San Francisco was one of the first cities to try demand-responsive parking pricing through a federally funded program in 2011 called SFpark, according to Grabar’s book.

The city pursued the project to encourage people to make “better transportation choices,” said Hank Willson, policy manager for parking and curb management at the San Francisco Municipal Transportation Agency.

“We have a citywide map online that shows the price at every meter at any time of day,” he said, noting that prices could be more than $10 per hour in one part of town and $1.50 a block away. “Someone might look at [the price] and decide to take the bus to save a $5 parking fee.” In that sense, Willson added, demand-based pricing functions similarly to congestion pricing, which imposes fees on drivers who enter densely congested areas.

SFpark is now an established program, but in its 2011 pilot phase, the city used sensors on meters to understand parking demand, Willson said. Informed by this data, the city changed rates every six weeks by no more than 25 cents per hour.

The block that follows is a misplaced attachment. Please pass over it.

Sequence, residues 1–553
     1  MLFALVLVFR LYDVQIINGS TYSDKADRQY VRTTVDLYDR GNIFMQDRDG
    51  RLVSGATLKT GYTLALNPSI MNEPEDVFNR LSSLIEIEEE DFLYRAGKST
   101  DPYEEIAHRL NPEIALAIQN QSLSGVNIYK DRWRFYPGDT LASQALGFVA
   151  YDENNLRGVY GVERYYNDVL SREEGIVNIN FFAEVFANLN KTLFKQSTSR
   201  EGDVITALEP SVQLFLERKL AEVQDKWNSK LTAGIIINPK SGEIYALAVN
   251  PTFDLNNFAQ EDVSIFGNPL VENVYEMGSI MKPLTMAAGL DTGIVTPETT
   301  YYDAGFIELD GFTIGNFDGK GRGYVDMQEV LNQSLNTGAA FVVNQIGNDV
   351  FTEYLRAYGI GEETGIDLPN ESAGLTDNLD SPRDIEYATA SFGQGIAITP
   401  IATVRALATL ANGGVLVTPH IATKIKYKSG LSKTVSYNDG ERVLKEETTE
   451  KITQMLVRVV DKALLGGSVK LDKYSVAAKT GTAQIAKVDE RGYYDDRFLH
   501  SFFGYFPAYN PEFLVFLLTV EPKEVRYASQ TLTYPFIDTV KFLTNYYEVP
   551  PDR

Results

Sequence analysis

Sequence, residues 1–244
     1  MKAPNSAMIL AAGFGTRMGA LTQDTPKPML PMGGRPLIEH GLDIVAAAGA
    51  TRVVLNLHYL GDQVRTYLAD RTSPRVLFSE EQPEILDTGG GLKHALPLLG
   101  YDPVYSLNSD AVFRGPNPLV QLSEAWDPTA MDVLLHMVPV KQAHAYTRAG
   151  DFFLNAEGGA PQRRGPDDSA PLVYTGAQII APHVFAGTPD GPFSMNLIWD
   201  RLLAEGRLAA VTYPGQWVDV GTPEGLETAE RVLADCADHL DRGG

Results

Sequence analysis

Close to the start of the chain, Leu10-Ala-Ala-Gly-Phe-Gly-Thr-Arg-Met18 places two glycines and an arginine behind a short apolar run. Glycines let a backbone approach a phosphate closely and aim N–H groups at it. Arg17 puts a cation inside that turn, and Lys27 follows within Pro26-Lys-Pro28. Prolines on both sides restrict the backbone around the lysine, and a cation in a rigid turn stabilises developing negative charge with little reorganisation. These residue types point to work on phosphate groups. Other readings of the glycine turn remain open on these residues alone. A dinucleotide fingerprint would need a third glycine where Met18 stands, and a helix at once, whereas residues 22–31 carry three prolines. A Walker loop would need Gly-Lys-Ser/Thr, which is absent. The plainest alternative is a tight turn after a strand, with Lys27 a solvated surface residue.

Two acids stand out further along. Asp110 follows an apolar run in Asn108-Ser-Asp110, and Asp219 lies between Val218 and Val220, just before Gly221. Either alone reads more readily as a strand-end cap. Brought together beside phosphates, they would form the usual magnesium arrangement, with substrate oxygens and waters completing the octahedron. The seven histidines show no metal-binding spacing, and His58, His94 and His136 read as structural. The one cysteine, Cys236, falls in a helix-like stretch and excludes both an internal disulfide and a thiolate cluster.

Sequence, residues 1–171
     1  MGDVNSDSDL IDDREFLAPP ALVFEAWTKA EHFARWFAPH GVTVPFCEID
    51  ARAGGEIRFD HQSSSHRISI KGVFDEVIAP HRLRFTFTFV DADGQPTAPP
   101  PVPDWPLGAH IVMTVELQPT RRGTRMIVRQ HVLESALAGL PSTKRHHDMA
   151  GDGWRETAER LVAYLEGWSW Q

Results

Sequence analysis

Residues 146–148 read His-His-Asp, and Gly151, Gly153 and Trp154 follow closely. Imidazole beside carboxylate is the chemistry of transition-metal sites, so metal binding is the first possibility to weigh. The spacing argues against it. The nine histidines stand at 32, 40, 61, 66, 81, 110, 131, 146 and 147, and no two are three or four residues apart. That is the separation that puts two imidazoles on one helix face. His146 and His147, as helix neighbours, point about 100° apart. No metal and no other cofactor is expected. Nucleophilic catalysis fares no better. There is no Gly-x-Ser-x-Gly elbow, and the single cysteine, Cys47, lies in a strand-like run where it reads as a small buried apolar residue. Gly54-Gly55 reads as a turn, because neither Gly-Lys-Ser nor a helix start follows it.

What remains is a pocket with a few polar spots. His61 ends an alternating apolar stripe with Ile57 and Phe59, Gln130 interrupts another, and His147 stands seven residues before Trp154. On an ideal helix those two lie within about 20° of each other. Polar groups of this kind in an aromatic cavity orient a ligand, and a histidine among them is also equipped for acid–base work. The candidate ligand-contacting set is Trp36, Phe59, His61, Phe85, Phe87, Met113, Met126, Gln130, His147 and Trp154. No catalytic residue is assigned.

“It was a very deliberate, slow process because we’re not interested in shocking someone,” Willson said.

Now, pricing is based on time of day and location, and the agency changes rates quarterly at most. “If it’s an extremely full block, always crowded, the most it would go up is $1 a year,” Willson said. Saturdays are priced differently from weekdays, and most of the city has free parking on Sundays. San Francisco stopped using the meter-attached sensors in 2018 when it became able to read data directly from the meters.